The Quadruple Dipsea: Part B

So, as I mentioned in the last post, I was dejected after not finishing the Quad. It was the right decision for my body on that day, but i still felt really disappointed.

During the week that followed, as I would relay to others what happened, I followed my comments up by saying, “i’m going to go out again…i will do this and finish.” I wasn’t sure if it was going to be 1 week later or 1 month later. But, I knew I was going to go back.

5 days after not finishing the race, I had decided my body was good to go for it again the following weekend. I let myself rest during the week, stretched, ate well and felt good. I had the added benefit of further inspiration as that Saturday (Dec 3) was The North Face Endurance Challenge here on some of the same trails. I didn’t go watch in person, but followed via social media and was super pysched to follow some of my favorite runners do their thing, especially Zach Miller, who was the 50 mile winner.

So as Saturday went along and then into the evening, I noticed that mentally I was where I wanted to be and where I should have been on pre-race weekend. It was a noticeable difference. So, i felt both physically and mentally ready and now i just needed sleep and to get up and go.

I had my nutrition figured out and took extra shoes in case i wanted to change half way. I packed a PBJ Sandwich cut in 1/4’s, orange slices, Hammer Nutrition gels and Tailwind. I was ready to go.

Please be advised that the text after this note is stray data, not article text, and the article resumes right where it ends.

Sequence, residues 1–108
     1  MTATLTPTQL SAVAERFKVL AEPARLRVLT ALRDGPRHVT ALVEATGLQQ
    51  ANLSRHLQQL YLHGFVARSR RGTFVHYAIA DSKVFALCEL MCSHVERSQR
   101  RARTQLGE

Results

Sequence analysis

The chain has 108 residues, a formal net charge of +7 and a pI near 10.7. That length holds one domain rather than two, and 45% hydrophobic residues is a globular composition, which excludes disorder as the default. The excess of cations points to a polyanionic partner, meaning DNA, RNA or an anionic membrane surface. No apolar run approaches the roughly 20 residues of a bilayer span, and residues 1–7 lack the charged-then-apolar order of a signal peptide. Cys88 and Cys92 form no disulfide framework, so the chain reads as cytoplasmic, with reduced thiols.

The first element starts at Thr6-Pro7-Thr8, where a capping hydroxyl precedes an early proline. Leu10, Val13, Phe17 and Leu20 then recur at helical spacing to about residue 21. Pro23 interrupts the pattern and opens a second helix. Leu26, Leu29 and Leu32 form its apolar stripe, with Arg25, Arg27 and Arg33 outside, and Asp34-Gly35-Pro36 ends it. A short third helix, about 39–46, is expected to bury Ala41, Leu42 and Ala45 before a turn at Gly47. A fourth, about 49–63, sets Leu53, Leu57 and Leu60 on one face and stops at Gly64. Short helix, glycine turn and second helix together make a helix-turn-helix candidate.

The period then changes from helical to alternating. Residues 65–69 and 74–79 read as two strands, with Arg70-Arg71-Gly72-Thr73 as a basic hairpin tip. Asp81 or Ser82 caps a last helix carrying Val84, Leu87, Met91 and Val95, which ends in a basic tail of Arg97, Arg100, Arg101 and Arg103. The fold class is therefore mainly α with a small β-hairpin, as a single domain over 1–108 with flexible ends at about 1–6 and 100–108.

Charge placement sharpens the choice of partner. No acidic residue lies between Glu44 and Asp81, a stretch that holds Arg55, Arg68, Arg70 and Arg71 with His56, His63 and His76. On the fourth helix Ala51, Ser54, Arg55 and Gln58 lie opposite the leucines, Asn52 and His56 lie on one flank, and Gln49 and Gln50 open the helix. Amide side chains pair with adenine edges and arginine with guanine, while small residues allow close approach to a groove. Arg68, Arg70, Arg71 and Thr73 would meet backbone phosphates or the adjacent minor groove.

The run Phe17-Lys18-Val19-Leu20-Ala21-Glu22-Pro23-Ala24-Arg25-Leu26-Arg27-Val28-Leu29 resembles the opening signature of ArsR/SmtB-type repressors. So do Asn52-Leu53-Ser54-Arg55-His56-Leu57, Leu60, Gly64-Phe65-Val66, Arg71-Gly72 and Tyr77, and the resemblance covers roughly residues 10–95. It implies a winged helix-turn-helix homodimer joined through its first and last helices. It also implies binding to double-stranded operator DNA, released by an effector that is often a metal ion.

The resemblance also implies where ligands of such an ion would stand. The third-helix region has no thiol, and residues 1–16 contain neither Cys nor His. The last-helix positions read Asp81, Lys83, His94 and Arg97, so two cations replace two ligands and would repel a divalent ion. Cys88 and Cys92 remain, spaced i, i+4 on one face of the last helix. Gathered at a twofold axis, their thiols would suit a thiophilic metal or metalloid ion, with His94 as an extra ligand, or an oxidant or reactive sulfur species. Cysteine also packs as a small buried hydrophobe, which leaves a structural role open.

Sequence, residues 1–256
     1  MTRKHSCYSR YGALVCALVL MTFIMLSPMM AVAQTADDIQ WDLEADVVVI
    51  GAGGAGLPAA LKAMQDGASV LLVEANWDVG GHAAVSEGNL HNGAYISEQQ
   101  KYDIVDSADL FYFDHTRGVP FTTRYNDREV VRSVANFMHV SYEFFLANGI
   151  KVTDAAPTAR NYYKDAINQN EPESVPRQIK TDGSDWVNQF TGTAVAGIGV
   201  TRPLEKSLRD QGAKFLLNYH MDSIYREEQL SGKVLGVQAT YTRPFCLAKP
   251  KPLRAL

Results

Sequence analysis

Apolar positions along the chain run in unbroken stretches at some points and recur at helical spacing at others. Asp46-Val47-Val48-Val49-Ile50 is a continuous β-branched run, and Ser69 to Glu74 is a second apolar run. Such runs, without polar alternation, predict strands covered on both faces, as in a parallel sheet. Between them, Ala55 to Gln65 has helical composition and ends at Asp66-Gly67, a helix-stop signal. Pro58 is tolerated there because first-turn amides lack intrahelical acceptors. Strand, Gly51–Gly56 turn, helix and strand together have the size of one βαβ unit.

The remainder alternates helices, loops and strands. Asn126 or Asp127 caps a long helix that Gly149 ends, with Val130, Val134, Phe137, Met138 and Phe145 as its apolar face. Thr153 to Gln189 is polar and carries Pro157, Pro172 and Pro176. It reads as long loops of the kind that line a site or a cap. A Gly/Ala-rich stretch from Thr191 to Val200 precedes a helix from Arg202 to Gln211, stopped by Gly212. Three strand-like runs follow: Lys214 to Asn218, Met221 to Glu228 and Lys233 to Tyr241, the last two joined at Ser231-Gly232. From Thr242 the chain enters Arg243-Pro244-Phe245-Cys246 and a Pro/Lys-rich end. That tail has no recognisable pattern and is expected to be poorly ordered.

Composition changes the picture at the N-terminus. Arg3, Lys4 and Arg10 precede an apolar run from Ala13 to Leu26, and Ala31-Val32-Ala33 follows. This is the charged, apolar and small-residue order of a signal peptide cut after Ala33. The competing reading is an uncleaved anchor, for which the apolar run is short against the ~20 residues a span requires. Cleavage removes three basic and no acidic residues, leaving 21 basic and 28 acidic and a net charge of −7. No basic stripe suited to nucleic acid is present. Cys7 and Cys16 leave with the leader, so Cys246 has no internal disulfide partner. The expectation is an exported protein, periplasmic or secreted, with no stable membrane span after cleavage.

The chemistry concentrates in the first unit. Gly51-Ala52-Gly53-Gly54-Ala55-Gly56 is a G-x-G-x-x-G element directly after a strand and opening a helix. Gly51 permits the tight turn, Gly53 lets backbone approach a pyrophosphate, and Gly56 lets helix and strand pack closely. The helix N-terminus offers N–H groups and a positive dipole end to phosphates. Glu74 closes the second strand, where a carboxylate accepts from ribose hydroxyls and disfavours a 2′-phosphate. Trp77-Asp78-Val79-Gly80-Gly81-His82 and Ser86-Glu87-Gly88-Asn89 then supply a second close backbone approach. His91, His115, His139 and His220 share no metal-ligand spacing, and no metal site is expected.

I began at 8:30am and believed it would take roughly 8 hours. Anything more was gonna push me into post sundown. That would not be good.

I was up the Dipsea steps and onto the course and on my way. I knew early on that I was ok and felt much better than last week. Many parts of the trail were still a bit muddy from recent rain so my Nike Kiger Trail shoes were perfect for the gripping nature needed. They don’t have much cushion but they do grip well and are light! I was just basically humming along and enjoying myself and knowing I had many hours ahead of me so i just tried to settle in, but still stay cognizant of time. I made it to the Stinson turn around and headed back to Mill Valley. Once I got to Mill Valley, i knew I had 2 things to do; 1) grab some food from car, change shoes 2) turn around and get back up the stairs. I didn’t allow for any thoughts to enter my mind around how hard it was gonna be or anything like that…i just kept saying to myself, “get up the stairs, get up the stairs..” And I did. Once I was on the stairs, I felt like THAT was a WIN. I smiled. And kept moving.

A woman actually stopped me prior to me heading up stairs and asked if i was doing a double. I said “No, a Quad.” Her eyes widened and she said; “well, good for you. i know you will do it.”  I so appreciated those kind words.

I figured the 3rd leg, which i was now on, would be the hardest and it was tough. By approximately miles 19-20, I was really starting to feel it..my back started to hurt a bit and i was getting some ache in my legs. But, I just had to keep moving. I made it to Stinson for the 2nd time and as soon as I turned around to head back for the final leg, I smiled and texted my friend, Tim, to let him know where I was…that i was going to finish. I mean, really, at that point, my options were limited anyways…what am i going to do? Walk the rest of the way back. Hitch a ride back to Mill Valley? I better get moving as fast as I can cause the sun in starting to go down.